Phosphorus, a term gene-raily given to such bodies as are luminous in the dark, without emitting heat or flame.

According to modern chemists, phosphorus is a simple, inflammable substance, which cannot be decomposed : when pure, it is transparent, and of a whitish colour ; being slightly tenacious, and fusible in a degree of heat inferior to th3t of boiling water. It constitutes a part of all organized bodies, whether of the animal, vegetable, or mineral kingdom. Thus, if wood be decomposed by putrefaction, in a certain degree of heat and moisture, then broken into fragments, and exposed to the oxygen of the atmosphere, it will become luminous in dark places. Putrescent veal also shines under similar circumstances; and likewise the sea-weeds usually employed in packing oysters.

The existence of phosphorus in vegetables, was first ascertained by M.MargraaF, who observed, that farinaceous grains, when exposed in close vessels to an intense heat, in a peculiar degree possessed this property of emitting light. It has, farther, been discovered in sugar; gum-arabic; flour; dung: urine; bone-ashes; and in every other animal and vegetable substance ; by the processes adopted in preparing the artificial phosphori of Homberg, Kunkel, and other chemists.

Properties o/Phosphorus :- Characters drawn on paper with solid phosphorus, will appear like a flame in the dark ; though, in the light, a dense smoke only will be perceptible : and, if such paper be held near the fire, the letters will immediately become black, and continue to be as legible as those formed with ink. Great caution, however, ought to be observed in making such experiments; because, if a particle of phosphorus be rnbbed between two papers, they will immediately take fire, which cannot be easily extinguished; hence it will be advisable to keep this inflammable matter continually immersed under water.

As phosphorus exists in all vegetables, Dr. Darwin conjectures that it forms one of the articles of their food, and is absorbed entirely by their vessels, as often as it occurs in a state of solution ; though it may also be occasionally formed, and secreted, by plants. In his opinion, it essentially contributes to their growth, and imparts firmness to timber-trees.—See Phosphoric Acid.

In a medicinal view, phosphorus has a remarkable effect, on the human frame ; and, when administered with judgment and circumspection, forms a very powerful and valuable remedy. According to M. BarchEwitz, and other Continental writers, it has proved of essential service in paralytic, epileptic, melancholic, and maniacal attacks ; in every species of eruptive fevers; particularly in those where the eruption strikes in, and is accompanied with anxiety, convulsions and other nervous symptoms. He directs it to be given in doses of one grain, mixed with conserve of roses, or with any of the syrups.—Farther, a variety of cases have lately been published by M. Leroi, in France, who administered phosphorus internally with the greatest success, in consumptive diseases; in malignant fevers,where it effectually checked the progress of gangrene; and especially contri buted to the recovery of persons who had been reduced by intemperance. So potent a medicine, however, ought to be employed only with the utmost caution, and under the immediate superintend-ance of a competent judge.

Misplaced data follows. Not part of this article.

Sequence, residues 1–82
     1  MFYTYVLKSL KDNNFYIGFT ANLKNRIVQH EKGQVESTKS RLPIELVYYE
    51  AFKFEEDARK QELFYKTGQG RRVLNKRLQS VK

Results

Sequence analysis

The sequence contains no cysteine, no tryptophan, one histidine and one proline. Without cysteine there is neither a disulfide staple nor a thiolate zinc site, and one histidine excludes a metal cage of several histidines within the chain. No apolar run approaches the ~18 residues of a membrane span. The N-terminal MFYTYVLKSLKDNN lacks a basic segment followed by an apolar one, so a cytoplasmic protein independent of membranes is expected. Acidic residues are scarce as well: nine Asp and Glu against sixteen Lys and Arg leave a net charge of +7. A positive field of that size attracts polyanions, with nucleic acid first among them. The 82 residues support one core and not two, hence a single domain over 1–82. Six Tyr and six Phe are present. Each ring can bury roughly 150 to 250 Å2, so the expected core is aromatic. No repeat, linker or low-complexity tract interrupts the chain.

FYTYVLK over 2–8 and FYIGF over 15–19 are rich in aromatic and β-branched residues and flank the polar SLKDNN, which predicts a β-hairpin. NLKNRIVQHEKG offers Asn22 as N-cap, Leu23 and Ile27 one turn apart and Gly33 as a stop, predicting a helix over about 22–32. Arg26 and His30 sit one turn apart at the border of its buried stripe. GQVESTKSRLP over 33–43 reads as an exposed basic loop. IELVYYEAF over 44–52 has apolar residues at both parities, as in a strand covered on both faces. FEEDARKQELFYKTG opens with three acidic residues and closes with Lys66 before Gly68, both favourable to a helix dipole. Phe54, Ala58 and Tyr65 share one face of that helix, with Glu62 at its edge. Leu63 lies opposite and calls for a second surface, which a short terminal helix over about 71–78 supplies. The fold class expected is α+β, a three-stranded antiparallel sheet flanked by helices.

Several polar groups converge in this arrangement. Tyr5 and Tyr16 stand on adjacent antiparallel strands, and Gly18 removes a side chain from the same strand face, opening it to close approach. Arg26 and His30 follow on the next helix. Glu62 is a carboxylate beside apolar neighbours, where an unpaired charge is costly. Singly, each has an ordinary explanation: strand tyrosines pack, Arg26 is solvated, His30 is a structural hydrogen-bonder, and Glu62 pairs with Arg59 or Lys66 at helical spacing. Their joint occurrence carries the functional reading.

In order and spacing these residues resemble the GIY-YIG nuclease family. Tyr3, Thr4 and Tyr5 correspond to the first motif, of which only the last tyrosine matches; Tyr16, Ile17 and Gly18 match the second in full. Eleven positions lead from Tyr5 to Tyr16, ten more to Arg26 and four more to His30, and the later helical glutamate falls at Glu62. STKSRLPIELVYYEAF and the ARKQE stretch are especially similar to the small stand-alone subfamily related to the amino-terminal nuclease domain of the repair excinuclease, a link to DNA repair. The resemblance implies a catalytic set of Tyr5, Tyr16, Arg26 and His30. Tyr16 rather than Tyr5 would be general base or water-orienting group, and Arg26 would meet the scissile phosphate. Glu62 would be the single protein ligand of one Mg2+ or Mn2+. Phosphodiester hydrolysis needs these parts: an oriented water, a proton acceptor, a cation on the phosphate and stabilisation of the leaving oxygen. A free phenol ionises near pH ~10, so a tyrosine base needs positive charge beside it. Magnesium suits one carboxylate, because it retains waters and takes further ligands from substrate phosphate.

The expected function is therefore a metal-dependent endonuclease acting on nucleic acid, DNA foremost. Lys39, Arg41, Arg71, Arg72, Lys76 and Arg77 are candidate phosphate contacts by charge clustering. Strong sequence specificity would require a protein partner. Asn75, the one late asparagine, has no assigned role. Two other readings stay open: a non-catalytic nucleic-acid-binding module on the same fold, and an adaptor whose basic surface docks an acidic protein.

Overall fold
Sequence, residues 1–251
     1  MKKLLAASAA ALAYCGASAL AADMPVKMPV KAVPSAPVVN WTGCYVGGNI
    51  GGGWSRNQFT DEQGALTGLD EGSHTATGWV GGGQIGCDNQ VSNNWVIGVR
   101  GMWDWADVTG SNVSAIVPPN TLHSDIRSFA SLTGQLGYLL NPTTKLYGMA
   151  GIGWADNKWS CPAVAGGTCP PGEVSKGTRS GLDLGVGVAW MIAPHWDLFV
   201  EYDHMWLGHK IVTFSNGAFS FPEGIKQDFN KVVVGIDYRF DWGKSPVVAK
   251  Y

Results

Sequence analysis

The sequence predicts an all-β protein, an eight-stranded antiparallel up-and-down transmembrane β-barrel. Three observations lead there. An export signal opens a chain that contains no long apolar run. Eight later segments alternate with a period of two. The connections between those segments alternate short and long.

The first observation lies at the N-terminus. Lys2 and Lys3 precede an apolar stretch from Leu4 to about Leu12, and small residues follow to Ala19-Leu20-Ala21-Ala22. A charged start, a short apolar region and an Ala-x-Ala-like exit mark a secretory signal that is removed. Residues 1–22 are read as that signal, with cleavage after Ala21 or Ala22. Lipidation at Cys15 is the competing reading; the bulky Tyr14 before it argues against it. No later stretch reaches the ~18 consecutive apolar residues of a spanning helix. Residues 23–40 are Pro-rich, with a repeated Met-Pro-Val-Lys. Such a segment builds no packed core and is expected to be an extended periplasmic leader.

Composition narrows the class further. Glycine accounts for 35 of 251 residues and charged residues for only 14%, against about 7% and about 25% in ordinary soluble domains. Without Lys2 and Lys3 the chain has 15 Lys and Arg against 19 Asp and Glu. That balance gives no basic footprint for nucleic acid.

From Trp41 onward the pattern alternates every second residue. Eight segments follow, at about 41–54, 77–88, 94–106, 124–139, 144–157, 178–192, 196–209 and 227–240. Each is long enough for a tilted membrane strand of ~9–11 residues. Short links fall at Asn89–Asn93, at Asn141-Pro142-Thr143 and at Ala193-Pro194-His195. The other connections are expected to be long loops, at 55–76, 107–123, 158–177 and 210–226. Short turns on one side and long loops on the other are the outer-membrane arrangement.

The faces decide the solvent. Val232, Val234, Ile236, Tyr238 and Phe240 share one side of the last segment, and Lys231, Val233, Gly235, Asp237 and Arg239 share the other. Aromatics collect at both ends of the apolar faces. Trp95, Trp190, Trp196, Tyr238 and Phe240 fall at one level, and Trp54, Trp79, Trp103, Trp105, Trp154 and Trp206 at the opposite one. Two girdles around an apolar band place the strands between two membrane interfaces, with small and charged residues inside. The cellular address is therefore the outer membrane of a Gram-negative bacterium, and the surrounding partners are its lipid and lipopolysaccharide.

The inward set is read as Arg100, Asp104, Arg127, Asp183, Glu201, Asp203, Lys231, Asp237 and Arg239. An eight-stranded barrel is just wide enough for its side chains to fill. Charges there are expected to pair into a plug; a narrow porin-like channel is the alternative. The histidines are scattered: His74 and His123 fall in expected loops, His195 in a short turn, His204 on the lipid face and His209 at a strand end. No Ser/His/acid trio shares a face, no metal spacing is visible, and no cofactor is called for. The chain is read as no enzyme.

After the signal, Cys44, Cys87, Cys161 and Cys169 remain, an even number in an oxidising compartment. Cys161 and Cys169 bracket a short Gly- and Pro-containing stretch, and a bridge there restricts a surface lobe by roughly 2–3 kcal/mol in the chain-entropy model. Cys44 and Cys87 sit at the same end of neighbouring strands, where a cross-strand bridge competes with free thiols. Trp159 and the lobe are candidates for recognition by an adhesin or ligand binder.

Phosphoric Acid, is a peculiar acid, fixed in the fire, and composed of phosphorus, in combination with oxygen. It constitutes a material part of bone-ashes, from which it may be easily extracted by calcination, in the following manner : Take a large glass-jar, and dilute one pound of oil of vitriol with twelve pounds, or pints, of water ; then add gradually, under constant agitation of the mixture, one pound and a half of finely pulverized ashes of bones, calcined to whiteness. During this process, an effervescence takes place, and a Very pungent odour is disengaged. The vitriolic acid now forms gypsum, or sulphat of lime, by combining with the calcareous earth of the ashes ; and the phosphoric acid, thus separated, unites with the water.—We have purposely inserted this experiment; as we have reason to believe that the phosphoric acid, when largely diluted (for instance, in the proportion of one or two drams of the acid to every gallon of water) will prove highly fertilizing to the vegetable mould employed by gardeners. And, though we cannot sufficiently corroborate such conjecture from our own experience, yet there appears to be ample ground to recommend farther trials to be made with this active and powerful agent. We have already remarked, that it exists throughout the vegetable kingdom, and is supposed (by one of our most profound inquirers into the arcana of Nature) to have a considerable share in the process of vegetation. It has also been discovered in the mineral kingdom; tor instance, in the apatite, or phosphat of lime ; and in the green lead-spar found at Zschopau, in Saxony.-. This acid produces similar effects in the animal economy with the solid phosphorus ; and, when used as an ingredient in lemonade, M. Le-Roi informs us, that it has proved of eminent service in the disorders-above mentioned.